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Computing (FOLDOC) dictionary
aeroplane rule
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convention "Complexity increases the possibility of failure;
a twin-engine aeroplane has twice as many engine problems as a
single-engine aeroplane."
By analogy, in both software and electronics, the implication
is that simplicity increases robustness and that the right way
to build reliable systems is to put all your eggs in one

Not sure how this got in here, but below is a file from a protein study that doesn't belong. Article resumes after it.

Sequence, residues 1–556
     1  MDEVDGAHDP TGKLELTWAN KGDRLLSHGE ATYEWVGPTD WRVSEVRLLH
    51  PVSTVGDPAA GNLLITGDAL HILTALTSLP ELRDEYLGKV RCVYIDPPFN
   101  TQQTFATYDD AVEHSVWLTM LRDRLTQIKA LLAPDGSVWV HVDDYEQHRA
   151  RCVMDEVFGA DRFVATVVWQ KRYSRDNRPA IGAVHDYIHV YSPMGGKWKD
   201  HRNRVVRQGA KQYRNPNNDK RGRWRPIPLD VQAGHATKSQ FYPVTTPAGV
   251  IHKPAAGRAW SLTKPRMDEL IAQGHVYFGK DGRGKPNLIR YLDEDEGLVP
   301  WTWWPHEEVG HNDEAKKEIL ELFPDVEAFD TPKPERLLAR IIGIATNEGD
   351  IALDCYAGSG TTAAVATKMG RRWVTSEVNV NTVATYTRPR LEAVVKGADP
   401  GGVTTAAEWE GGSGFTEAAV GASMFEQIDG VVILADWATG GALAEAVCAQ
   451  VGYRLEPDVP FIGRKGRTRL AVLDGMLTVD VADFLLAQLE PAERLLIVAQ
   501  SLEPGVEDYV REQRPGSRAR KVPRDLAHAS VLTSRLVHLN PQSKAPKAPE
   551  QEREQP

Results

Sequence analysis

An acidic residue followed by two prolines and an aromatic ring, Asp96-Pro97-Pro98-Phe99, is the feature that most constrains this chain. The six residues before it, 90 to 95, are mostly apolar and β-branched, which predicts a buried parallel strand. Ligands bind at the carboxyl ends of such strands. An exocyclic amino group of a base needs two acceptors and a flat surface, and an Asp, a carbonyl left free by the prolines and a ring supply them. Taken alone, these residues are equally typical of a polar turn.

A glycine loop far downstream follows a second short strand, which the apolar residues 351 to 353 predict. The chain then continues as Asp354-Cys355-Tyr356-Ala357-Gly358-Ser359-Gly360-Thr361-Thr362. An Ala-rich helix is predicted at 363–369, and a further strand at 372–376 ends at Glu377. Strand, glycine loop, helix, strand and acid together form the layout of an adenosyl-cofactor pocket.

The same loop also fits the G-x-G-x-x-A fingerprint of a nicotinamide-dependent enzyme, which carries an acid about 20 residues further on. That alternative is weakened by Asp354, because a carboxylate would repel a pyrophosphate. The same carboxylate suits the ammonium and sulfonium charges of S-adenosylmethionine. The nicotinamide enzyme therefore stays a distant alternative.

basket, after making sure that you've built a really *good*
While simplicity is a useful design goal, and twin-engine
aeroplanes do have twice as many engine problems, the analogy
is almost entirely bogus. Commercial passenger aircraft are
required to have at least two engines (on different wings or
nacelles) so that the aeroplane can land safely if one engine
fails. As Albert Einstein said, "Everything should be made as
simple as possible, but not simpler".